I do not think these people can be trusted to bring Rhodesia, in the much more bitter atmosphere that followed events of the last few weeks, into harmony and constitutional rule in the future. The fact that they have twisted the Constitution in the way that they have and have introduced a police State—and I am glad that the right hon. Gentleman today, not for the first time, was categorical about that—means that they are not people who can be trusted with this job. The only basis on which Mr. Smith is prepared to call off independence is on his terms. When we have a return to constitutional rule we shall then need more urgently than ever to seek the views of the Rhodesian people on the next steps, on the path forward to fulfil the five principles; and whether we do it by a constitutional conference, as proposed by the Prime Minister's conference, whether by a Royal Commission, this is a matter that we shall have to consider against the background.

Whatever method of consultation is taken, we shall want to seek the views of any leaders of the Rhodesian front who are prepared to seek a return to constitutional rule. Mr. Smith, although a private person, is the leader of a great political party there, and certainly his views will be sought. But as to entrusting to them, to that Government or to that Parliament, the conduct of restoration and reconstruction of affairs in Rhodesia—I think this would be absolutely intolerable. I hope the right hon. Gentleman will be just as categorical and will say that he is not prepared to deal with Mr. Smith while he is in an illegal position, or to hand to these people who have so betrayed their trust and promises the responsibility for a harmonious and multi-racial Rhodesia.

Sir Richard Glyn

Is the right hon. Gentleman aware that the statement he has made today will be received with dismay by those Rhodesians who have been hoping that negotiations might have been reopened? Will the right hon. Gentleman explain, if he does not regard Mr. Smith as the leader of Rhodesia, how he is going to negotiate with a quarter of a million individuals at second hand through the Governor? Will he take this opportunity of furthering the hope that negotiations could be reopened by taking the step of renouncing his letter to Dr. Mutasa which bedevilled the recent negotiations and which is a major difficulty in reopening them?

The Prime Minister

It never bedevilled them at all. [Interruption.] I happen to know. I have done what no Minister has ever done before. I have published all the exchanges, knowing that some hon. Member would want to go through them with a fine tooth comb and find a split infinitive. The hon. Gentlernan has done very well.

That was the basis—that was mentioned—in some of the angry letters that I was getting before last Christmas. After my meeting with him on the day of Sir Winston Churchill's funeral this was discussed, and so were some absolutely unacceptable statements of his, including the statement that there would be no majority rule in his lifetime—for 150 years, he said. From then on we negotiated on the basis of the five principles. None of those points that the hon. Gentleman mentioned were thought worthy of mentioning either by Mr. Smith or myself after 30th January.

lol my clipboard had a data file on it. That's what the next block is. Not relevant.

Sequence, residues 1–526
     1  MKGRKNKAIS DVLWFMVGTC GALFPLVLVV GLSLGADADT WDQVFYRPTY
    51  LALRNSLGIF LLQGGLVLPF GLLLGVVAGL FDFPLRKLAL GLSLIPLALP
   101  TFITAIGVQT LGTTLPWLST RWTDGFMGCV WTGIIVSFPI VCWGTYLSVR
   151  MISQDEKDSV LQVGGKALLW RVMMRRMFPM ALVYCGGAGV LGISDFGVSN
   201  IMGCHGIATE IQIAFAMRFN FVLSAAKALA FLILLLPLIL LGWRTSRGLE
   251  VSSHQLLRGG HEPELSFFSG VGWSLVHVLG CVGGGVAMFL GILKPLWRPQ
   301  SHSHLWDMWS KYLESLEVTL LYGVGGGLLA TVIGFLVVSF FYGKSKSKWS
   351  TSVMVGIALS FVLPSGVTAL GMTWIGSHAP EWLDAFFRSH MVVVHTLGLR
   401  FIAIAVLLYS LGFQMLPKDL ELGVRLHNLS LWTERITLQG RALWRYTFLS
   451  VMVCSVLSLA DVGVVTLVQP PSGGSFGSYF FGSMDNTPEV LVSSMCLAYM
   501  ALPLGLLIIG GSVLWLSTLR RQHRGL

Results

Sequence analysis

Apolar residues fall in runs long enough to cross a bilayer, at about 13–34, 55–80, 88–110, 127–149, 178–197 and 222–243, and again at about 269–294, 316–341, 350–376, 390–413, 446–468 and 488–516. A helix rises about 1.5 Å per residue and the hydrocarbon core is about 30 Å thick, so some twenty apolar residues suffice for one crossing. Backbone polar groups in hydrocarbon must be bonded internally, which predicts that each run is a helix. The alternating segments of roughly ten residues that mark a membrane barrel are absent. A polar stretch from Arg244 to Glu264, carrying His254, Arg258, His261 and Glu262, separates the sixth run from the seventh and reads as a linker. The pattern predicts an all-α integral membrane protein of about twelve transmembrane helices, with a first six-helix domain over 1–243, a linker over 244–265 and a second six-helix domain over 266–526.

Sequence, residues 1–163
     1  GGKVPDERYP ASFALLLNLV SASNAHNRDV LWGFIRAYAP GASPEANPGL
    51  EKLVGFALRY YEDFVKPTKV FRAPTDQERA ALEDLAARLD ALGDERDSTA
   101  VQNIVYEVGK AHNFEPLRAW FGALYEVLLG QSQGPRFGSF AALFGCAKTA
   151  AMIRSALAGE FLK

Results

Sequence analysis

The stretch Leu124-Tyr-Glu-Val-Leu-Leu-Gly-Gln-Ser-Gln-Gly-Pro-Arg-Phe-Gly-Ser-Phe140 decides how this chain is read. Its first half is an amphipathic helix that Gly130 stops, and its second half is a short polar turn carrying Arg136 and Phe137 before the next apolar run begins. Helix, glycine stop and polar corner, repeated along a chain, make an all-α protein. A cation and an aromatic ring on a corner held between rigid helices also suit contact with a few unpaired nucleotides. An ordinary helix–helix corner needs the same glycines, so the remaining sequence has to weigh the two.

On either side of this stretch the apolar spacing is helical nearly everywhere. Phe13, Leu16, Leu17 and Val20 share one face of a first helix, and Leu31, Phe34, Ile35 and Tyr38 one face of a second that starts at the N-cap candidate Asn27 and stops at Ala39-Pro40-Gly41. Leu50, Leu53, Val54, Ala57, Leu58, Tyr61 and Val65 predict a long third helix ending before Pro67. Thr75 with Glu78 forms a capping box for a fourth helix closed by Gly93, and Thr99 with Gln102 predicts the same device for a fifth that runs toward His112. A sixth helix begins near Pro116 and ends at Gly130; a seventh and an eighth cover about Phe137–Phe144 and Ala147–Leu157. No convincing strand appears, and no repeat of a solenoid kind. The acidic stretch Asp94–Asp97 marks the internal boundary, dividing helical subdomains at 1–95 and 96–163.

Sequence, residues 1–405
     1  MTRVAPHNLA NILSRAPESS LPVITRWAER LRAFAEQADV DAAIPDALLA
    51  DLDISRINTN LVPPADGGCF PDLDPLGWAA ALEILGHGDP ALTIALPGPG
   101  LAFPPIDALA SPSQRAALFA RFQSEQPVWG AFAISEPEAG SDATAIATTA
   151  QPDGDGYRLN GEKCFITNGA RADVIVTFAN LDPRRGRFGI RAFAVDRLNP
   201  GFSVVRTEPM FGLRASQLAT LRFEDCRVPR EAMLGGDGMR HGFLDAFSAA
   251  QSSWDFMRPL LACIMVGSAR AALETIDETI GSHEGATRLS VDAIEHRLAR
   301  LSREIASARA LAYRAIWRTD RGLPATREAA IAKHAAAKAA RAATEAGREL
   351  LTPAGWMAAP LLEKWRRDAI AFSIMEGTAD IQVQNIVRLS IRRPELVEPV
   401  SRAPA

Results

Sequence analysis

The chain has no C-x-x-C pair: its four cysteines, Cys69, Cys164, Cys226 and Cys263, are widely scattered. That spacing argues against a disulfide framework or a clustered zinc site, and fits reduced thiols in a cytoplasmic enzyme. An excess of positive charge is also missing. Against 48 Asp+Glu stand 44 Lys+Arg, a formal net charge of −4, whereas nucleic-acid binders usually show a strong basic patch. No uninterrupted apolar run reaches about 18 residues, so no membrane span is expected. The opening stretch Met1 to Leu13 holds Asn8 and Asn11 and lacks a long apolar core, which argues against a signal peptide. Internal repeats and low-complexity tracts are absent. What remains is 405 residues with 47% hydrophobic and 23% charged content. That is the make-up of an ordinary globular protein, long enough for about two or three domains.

As to the hon. Gentleman's point about this being greeted with dismay by those who want to see negotiations, we really cannot go on from the point where we broke off on 11th November. There was a perfectly clear offer and many people thought that I went too far in what I offered on that occasion. I was concerned to avoid all the horrors of U.D.I. for Rhodesia, Africa and the world. That was not taken. It is now clear that what he said to me that morning was not said in good faith. It was widely believed in Rhodesia that Mr. Smith voted against U.D.I. in the final Cabinet decisions. If this is so, it is to his credit. It would have been more to his credit if he had gone to the Governor and formed a new Government. What he says now is, "What we negotiated for we will now get, and we will get it by illegal means." We must get a return to constitutional rule, and we will then deal with people in Rhodesia who can be trusted.

Sir G. de Freitas

As to the eventual solution, as soon as conditions make it possible, will the Prime Minister do everything he can to see that the white Rhodesians meet white Kenyans and learn from them at first hand that it is possible to have a multi-racial community living peacefully under a black majority Government?

The Prime Minister

I think that is a very good point. My hon. Friend referred to it in the debate on 12th November and the message from these very distinguished white Kenyan citizens was published just before I went to Salisbury. I drew Mr. Smith's attention to it, because there is great ignorance in Rhodesia as to what does go on in the countries to the north. I suggested that he should send some representative Rhodesian citizens who have these anxieties—and I do not underrate the genuine depths of those anxieties—that they should go to Kenya and discuss the problems with the settlers there. I hope it will be possible. But the situation is more terribly embittered since even the time when my hon. Friend the Member for Kettering (Sir G. de Freitas) made his speech in this House, but I hope it will be followed up.

Mr. Hastings

Is it true that the Prime Minister has had verbal messages, through the Commonwealth Relations Office, from the Governor and Mr. Smith this week indicating clearly that negotiations can and should begin? If this is so, what can be the point of prevaricating?